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NEVA MAKGETLA: Hard to figure out what the BBBEE project is really about


A lack of consensus has produced too many internal contradictions and too much complexity

Apart from taxes and possibly electricity, it is likely that broad-based BEE is the government’s most expensive policy for business. Yet it is difficult to tell what it really aims to achieve.

SA suffers from both a lack of diversity in ownership and control, and from extraordinary inequalities in pay, workplace organisation and assets. But it is not clear what BBBEE sees as the desired end-state.

Does it aim primarily to empower black executives; to support more equitable ownership of financial investments; to promote more equal, skilled and harmonious workplaces; to encourage new, dynamic, enterprises; or to support the broader industrial policy aims of economic

diversification and job creation?

In theory, the BBBEE scorecard answers this question by identifying different

dimensions for empowerment and allocating weights to them. The dimensions are

enterprise development, weighted at close to 40%; ownership, at almost 25%;

representivity in management and skilled positions, at under 20%; skills development,

also under 20%; and socioeconomic development (effectively corporate social investment) at 5%.

In practice, the importance of the different dimensions remains at best ambiguous.

For one thing, each dimension includes three or four subtargets. For instance,

training is assessed by skills level. Procurement points are allocated according to the

BBBEE level of suppliers, but also separately by their ownership by black people and

by black women.

Even more confusingly, the scorecard synthesises four separate scoring techniques. It

sets points for each subtarget; minimum thresholds for priority subtargets; percentage scores, which, perplexingly, can exceed 100%; and provides some bonus points.

This complexity means most workers and managers don’t understand the BBBEE

requirements, so they can’t help achieve them. It encourages stakeholders to focus

narrowly on technical requirements rather than monitoring progress towards the

desired socioeconomic outcomes. And of course, the extraordinarily complicated

reporting requirements and calculations add to the administrative burden for


The scorecard’s complexity also makes it hard to foresee the impact of amendments. For instance, in 2019, the government fasttracked new points for university bursaries by reducing the score for employee training.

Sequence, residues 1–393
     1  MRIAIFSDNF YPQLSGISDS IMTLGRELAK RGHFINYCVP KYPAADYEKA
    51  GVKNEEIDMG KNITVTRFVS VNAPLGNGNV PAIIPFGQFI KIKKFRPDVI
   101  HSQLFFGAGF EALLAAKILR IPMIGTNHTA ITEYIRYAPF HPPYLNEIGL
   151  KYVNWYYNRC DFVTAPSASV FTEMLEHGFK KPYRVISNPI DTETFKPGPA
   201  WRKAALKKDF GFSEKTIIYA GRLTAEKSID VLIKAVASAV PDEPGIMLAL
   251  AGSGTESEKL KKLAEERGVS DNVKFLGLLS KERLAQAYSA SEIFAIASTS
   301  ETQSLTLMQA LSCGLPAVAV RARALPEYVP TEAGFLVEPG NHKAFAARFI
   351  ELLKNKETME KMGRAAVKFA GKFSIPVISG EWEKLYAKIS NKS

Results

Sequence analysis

That amendment effected a radical shift in the skills development element, from seeking to transform power and career mobility within enterprises to promoting business funding for tertiary education for black students.

However, there was little public discussion or analysis of how this trade-off affects

the broad aim of a more equitable and inclusive economy.

Similarly, BBBEE has long been criticised because it does not incentivise local

procurement. A company can improve its score by replacing a local producer with a

low BBBEE rating with a small black-owned importer. That may end up meaning

reduced local employment, and arguably a less equitable and dynamic economy


In 2015/2016, the codes therefore included a requirement that qualifying suppliers

meet a target for local value added. Then the department of trade & industry

suspended the new requirement indefinitely on the basis that it was too hard to

measure or to meet. This is, of course, the best of all possible bureaucratic worlds: it

signals a virtuous adherence to the local procurement policy without actually having

to enforce it.

A further challenge is that the codes were essentially designed around listed

companies. Smaller businesses and other ownership structures such as large

partnerships are accommodated only to a limited degree, mostly by relaxing some

requirements. In particular, the ownership points assume that businesses have a host

of small anonymous investors who are continually in flux. But small businesses and

professional partnerships can’t afford much churn in ownership, and often are not

profitable enough to attract outside investors.

Ultimately, the complexity and internal contradictions in the codes reflect the failure

to reach true consensus around the aims of BBBEE. In this context, the complexities

of the scorecard serve to obscure, rather than clarify, the real trade-offs over who

should benefit from this core economic policy.

• Makgetla is a senior researcher with Trade & Industrial Policy Strategies



Disclaimer - The views expressed here are not necessarily those of the BEE CHAMBER

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